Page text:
How Do I Keep Track of All This Good Stuff My Brain Generates

Woman writing in journal

Quick note: I mention several products in this post. I get nothing from any of these companies. They’re just what I happen to use.

I recently listened to an episode of the Becoming Better podcast (Chris Bailey and Ardyn Nordstrom) about “The Productivity Benefits of Capturing Ideas“. Today (the day I’m writing this) this idea is on my mind because I created a lot of content today including three blog posts (this one and two for work), content for a report, and the guest information for two upcoming podcasts. I love days like this, but if I didn’t grab my ideas, days like this would be frustrating.

In the podcast and accompanying blog post, Bailey and Norstrom mention four things you may want / need to capture:

“Stuff you’re waiting on

Ideas you want to look into more deeply

Distractions and reminders

Actual ideas and insights”

They also note that ideas often come at the least convenient time, so you need to be prepared. The following is what I currently use.

I use Todoist to keep track of the “stuff I’m waiting on” and “Distractions and reminders.” These might be that I need to pay a bill, create some content, call someone, schedule something, or that I’m waiting for someone else to do something. I use to use Omnifocus but I didn’t like their redesign and I’ve been much happier with Todoist. It syncs across all of my devices, I can easily clip something from the web, forward an email, attach an image, or add a voice clip on the run. I can set reminders and organize tasks by projects, date, and context.

I also use a printed planner to plan my days, write down my gratitudes, wins I should celebrate, and other such daily items. For the past few months I’ve been using the Goal Crazy Planner. I bought the PDF version, which allows me to make a printed copy that I put in a binder (I submit the file online to Kinkos and they deliver it to my door. I’d use the student owned print shop at the university, but the pandemic and all). While I don’t like the name, it works well for me. I did have an email exchange with the creator Jason Van Devere about the name and he seemed genuinely open to some potential rebranding.

I’ve used Evernote on an off for several years, but for the past several weeks I’ve been using it a lot. It also syncs with all of my devices, lets me clip items from the web, and forward emails. It’s great for taking meeting notes, outlining ideas, and even writing blog posts (which is what I’m doing write now).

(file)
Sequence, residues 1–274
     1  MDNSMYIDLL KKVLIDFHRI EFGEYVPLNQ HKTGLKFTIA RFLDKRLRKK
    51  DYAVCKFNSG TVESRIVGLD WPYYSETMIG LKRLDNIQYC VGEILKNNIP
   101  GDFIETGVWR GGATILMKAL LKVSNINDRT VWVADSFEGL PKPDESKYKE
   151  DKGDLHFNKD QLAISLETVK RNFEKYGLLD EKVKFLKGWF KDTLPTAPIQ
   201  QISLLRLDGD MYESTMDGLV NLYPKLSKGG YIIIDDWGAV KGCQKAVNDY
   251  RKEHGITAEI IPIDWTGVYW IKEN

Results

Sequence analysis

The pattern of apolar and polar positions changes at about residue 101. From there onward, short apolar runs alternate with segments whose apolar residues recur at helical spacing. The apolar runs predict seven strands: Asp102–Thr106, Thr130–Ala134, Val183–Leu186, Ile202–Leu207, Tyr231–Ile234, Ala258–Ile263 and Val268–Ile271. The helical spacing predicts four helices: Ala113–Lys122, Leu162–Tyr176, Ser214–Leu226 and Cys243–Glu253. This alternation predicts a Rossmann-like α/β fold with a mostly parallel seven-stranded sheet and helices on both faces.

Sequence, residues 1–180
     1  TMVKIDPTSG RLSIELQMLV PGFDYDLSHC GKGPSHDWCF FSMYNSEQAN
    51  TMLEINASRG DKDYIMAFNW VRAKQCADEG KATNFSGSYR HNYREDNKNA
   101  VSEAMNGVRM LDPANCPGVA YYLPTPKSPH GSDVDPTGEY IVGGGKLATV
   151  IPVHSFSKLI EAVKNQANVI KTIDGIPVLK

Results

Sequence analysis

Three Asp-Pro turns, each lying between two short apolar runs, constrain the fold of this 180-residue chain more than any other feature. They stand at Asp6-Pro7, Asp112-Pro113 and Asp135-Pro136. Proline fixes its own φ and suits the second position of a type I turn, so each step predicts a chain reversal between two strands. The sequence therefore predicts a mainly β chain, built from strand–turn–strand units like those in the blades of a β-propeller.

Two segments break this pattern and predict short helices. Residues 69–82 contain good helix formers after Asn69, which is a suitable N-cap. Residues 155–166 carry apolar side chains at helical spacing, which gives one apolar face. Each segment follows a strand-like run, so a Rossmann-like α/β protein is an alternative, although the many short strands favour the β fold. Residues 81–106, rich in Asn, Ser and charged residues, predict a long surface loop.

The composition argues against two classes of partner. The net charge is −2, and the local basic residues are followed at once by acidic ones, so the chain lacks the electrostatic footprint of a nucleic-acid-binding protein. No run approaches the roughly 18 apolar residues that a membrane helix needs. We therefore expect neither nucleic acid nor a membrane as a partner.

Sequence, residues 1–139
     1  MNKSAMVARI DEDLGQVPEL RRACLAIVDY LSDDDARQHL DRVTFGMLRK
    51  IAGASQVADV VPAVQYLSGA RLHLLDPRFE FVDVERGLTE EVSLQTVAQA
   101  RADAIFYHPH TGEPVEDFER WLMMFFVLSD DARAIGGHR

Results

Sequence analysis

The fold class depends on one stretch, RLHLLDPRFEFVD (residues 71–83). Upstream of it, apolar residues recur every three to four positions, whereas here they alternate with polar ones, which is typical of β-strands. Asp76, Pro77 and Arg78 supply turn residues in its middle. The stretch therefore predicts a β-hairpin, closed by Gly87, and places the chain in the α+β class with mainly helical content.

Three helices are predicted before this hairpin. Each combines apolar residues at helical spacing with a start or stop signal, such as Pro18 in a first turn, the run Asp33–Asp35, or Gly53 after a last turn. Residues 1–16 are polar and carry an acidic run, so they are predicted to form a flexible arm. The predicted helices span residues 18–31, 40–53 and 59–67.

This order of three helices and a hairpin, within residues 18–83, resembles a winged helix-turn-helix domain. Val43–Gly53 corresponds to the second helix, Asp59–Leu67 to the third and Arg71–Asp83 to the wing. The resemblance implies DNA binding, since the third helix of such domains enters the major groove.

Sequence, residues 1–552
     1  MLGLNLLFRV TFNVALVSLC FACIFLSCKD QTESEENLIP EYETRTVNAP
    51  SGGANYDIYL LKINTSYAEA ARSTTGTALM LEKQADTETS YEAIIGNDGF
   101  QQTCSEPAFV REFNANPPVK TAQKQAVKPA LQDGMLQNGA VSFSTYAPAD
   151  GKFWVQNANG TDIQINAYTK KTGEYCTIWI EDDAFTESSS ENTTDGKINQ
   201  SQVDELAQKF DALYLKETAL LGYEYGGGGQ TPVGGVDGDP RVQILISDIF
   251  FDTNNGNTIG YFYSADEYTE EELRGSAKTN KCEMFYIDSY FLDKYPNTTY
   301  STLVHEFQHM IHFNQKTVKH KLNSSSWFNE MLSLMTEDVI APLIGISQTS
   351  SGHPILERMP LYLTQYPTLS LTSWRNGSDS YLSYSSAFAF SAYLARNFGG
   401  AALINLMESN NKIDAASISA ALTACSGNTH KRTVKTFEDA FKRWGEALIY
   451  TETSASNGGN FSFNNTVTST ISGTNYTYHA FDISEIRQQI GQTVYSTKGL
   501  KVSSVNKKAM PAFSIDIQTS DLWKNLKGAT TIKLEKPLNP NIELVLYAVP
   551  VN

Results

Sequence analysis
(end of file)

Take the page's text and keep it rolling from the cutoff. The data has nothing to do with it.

Every day I jot down at least one idea for a blog post in a journal. I use a different journal to, well, well journal, capturing my days and my reflections on them. I usually use either a Rhodia (which I prefer) or Moleskine (which are easier to find) journal.

When I was in my office at the university I often mapped out ideas on a white board and then took pictures to save them. I sometimes do that on paper now because if I need to create a diagram or I have a bunch of ideas that may not be connected, I like having the free space to work with instead of typing notes out. Now that I’m using Evernote regularly, I can put those captured images in there and include any relevant notes, making them easy to find later.

In the podcast they also mentioned Aqua Notes, which are intriguing to me, and something I’ve long wished I had but didn’t know existed. It’s a waterproof pad of paper that you can suction to your shower to capture all of those ideas that come to you at that very inconvenient time.

I also need to get back to carrying a small notebook or notepad with me in a pocket to jot something down on the run when I don’t want to pull out my phone. Being at home most of the time has gotten me out of this habit.

You’ll notice that I use a mix of paper and digital. Digital is more efficient and convenient because I can type faster than I can write, plus that whole sync across devices things, but I enjoy writing and there are a lot of times that I would rather not be staring at a screen.

David Allen, the author of the bestseller, Getting Things Done has said that you should have as many “inboxes” (places where you put things you want to capture) as you need, and no more (so you don’t lose track of things). I may have more than I need, but right now it’s working for me. I created some great content today, and much of that came from having captured what I needed to capture instead of trying to hold it in my brain.

Featured image courtesy of Cathryn Lavery under a CC-0 license.

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